Disclaimer: I’m not at all sponsored by anything I review on here. If there ever comes a time where someone is crazy enough to sponsor a review, I’ll definitely let you guys know
I’ve been considering the idea of posting some short reviews of products or services I use. Not at all meant to make this a review site, but just a bit of “here is what I use and what I think of it”. This is going to be the first shot at that idea – so let me know what you think!
When I was first looking to start up my own personal blog again, I did quite a bit of digging around to try and find where to host it. I considered hosting it myself at home, but overall I didn’t really want to manage that overhead. I also looked at a number of hosting providers, but I never really found anything that I was quite happy with. So many of them would offer you an instance of a web platform like WordPress or Drupal, but not much control beyond that. I really wanted something where I could have full control over my own VM, like a VPS, but most of these services cost more than I wanted to pay.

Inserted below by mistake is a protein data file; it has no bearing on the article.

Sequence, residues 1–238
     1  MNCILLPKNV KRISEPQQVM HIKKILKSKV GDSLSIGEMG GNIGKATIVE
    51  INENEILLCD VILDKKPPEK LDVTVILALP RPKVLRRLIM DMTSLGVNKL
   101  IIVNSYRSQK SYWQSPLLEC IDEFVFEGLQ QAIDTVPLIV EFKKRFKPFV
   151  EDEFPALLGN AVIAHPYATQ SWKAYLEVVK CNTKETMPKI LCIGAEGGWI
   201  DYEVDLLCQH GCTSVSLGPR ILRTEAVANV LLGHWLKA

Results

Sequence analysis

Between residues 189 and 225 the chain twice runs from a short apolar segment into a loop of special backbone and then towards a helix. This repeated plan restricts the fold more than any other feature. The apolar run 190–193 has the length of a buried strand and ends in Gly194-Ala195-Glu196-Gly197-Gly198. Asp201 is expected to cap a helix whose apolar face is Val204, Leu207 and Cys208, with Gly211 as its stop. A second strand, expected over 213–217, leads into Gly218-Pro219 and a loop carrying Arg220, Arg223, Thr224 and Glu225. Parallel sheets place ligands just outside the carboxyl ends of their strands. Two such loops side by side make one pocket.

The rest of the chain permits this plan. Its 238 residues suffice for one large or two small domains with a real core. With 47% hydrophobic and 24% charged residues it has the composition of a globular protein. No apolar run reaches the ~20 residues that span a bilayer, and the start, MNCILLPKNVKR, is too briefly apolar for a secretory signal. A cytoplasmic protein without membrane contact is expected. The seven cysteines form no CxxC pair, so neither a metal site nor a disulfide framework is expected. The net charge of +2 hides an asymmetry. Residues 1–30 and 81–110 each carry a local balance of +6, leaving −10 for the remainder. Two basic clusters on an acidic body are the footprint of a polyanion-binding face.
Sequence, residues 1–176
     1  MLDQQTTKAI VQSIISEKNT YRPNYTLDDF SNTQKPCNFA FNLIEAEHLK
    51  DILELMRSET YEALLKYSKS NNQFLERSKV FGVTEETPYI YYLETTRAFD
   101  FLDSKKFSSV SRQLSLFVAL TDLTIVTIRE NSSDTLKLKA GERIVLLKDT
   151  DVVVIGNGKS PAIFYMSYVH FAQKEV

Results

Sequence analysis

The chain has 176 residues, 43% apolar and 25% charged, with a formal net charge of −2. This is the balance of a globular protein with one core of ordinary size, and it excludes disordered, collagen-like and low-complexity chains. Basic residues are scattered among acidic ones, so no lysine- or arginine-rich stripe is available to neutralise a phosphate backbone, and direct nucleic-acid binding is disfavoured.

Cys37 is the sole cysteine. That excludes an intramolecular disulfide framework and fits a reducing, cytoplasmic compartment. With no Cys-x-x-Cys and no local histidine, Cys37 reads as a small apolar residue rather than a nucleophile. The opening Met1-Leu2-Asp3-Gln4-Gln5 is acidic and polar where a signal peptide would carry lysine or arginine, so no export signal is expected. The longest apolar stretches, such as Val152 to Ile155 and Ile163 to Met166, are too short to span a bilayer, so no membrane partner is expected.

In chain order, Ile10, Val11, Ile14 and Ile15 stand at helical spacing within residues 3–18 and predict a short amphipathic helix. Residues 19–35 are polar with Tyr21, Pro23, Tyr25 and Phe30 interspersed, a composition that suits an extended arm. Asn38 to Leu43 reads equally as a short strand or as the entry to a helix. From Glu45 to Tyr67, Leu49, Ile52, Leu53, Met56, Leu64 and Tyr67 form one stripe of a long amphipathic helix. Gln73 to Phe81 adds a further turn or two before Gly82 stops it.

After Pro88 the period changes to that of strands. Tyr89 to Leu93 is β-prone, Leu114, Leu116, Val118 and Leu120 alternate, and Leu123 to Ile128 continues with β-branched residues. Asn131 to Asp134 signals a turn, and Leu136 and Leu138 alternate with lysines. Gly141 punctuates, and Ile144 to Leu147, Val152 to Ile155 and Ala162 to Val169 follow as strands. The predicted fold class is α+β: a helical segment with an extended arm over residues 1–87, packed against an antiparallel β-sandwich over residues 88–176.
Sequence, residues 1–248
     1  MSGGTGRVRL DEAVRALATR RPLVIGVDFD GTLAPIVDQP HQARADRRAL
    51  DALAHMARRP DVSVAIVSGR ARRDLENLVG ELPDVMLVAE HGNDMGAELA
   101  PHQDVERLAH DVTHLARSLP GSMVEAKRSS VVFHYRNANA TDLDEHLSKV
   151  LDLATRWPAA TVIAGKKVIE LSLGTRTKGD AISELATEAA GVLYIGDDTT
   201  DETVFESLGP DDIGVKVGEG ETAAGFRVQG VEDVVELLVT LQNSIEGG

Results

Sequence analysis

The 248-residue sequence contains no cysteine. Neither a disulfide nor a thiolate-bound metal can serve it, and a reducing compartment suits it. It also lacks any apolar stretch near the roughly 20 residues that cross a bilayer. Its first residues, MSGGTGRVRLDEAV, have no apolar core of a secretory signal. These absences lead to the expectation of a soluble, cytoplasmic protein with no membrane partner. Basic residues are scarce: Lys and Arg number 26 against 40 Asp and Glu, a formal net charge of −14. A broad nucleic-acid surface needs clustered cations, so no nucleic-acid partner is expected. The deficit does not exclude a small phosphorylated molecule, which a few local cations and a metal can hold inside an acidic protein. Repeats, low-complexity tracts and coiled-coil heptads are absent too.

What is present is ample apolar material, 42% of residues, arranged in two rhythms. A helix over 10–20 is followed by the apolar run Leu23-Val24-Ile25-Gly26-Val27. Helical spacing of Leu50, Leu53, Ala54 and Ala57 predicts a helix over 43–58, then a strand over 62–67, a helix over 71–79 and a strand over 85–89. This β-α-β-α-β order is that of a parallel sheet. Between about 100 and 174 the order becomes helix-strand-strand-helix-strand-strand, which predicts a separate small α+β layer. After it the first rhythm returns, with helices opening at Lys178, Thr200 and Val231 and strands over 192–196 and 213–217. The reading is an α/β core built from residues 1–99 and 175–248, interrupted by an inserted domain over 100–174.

Right in the middle of my research for a hosting provider last year, Amazon announced a new AWS service offering: LightSail. I had already briefly considered picking up a small AWS VM for what I wanted to do, but I honestly didn’t want to try and manage usage when every single little thing is an additional cost (storage, bandwidth, etc). However, LightSail really caught my attention because of the stupid-simple pricing structure – the smallest allocation is only $5 a month and includes 512MB of RAM, 1 core CPU, 20GB SSD, and 1TB of free data transfer. This was probably more than enough for me to get started with a site, and the pricing was very tempting. As if they wanted to provoke me to try it even further, Amazon actually offers your first month free (for the $5/mo instance). Additionally, Amazon offers up to three free public IP addresses and free DNS management along with every plan – which I thought made this a fantastic offer.